Resprouts from slash-and-burn find more events enjoy several advantages when competing against most plants starting from seed (Kammesheidt, 1999). The BN resprouts possess a deep and well-developed root system that favors water and nutrient intake (Kainer et al., 1998). Their above-ground growth in full-light conditions helps them cope with the dense and entangled understory of early forest succession. This ability to resprout renders the tree particularly resilient to SC disturbances. A good
indication of the BN tree’s resprouting capability was the ratio of individuals with resprouted versus uncut stems. This ratio was almost four times higher (3.7:1) in sites that had previously experienced two or more slash-and-burn cycles. Most resprouts exhibited Volasertib nmr multiple stems, and the number
of living shoots increased with the number of times that the resprouts survived the SC events (Fig. 2c). Nevertheless, as observed by Kammesheidt (1998) for many species in fallows exposed to SC, the abundance of stems is later reduced by self-thinning. The importance of resprouting as a demographic process depends on the frequency of severe disturbances, the probability that the species will resprout after them, and the rates of survival, growth and maturity of the resprouts (Paciorek et al., 2000). The only reference that we found regarding the maturity of resprouted BN trees reported anecdotal information from forest dwellers (Baider, 2000), who mentioned that resprouted trees die before they reach reproductive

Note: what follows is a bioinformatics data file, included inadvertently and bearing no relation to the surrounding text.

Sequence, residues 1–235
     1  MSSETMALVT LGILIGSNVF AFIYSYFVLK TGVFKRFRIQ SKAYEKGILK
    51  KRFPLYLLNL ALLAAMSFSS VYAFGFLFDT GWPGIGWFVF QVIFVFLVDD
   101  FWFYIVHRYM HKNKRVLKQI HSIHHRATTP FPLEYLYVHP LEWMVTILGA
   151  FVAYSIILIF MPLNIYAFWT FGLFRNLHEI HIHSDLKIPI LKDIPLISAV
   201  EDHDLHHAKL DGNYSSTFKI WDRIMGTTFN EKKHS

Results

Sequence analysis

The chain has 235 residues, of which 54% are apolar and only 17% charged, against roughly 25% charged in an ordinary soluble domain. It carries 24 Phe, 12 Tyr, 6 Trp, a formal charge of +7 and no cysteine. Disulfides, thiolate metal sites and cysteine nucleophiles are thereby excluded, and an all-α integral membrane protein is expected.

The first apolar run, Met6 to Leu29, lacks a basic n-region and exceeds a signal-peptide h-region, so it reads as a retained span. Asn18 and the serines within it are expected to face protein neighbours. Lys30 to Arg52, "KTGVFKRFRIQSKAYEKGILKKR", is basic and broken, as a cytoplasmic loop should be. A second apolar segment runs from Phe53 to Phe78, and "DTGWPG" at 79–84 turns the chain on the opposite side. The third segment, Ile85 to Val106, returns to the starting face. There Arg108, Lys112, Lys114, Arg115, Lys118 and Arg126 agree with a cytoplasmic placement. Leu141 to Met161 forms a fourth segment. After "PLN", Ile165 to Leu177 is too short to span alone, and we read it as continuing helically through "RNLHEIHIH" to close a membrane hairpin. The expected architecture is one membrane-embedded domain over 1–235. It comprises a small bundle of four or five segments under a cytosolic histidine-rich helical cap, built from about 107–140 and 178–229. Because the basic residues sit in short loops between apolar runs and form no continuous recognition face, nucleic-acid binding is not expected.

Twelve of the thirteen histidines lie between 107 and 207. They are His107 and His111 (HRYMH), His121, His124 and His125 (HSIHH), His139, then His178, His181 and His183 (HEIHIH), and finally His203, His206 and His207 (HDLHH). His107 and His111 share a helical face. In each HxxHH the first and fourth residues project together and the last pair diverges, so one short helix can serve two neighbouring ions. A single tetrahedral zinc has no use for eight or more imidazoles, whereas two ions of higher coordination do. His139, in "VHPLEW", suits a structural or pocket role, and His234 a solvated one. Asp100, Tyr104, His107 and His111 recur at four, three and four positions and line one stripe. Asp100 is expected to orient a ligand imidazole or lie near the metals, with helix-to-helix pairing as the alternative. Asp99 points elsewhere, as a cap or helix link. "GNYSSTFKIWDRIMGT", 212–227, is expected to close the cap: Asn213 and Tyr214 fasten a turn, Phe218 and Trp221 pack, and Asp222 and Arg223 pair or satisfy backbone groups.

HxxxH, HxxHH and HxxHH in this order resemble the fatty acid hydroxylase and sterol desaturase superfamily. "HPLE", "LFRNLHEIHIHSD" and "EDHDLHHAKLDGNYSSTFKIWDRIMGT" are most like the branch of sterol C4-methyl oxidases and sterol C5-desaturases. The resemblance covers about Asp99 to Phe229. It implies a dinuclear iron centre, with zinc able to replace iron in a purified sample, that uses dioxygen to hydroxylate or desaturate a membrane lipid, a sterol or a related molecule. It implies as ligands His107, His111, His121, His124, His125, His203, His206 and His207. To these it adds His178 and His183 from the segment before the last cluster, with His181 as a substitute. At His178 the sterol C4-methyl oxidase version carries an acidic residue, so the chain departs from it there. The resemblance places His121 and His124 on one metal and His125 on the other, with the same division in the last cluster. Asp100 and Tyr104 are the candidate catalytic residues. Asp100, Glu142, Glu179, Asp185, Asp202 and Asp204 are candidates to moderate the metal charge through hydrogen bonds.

age. Our findings contradict this opinion because the majority of individuals present in fallows assigned to protection were resprouted trees. Although we did not collect data to address this question, the fact that resprouted multi-stem adults are owned and protected by extractivists is a good indication of their productivity. Adult BN trees have very large crowns. Because many mature trees cannot coexist in the check limited space available, the abundance of seedlings and saplings will ultimately be reduced in number through intraspecific competition. Considerations of this sort allow us to deduce a practical limit for the regeneration density increase and, consequently, a sufficient number of SC cycles after which the BN accumulation becomes redundant. In contrast, another landholder choice having decisive impact is the conversion of crops or fallows into pasture. Once this change has taken place, the development of previously established regeneration is no longer feasible, and that particular site will lose its potential to contribute a high-density BN stand.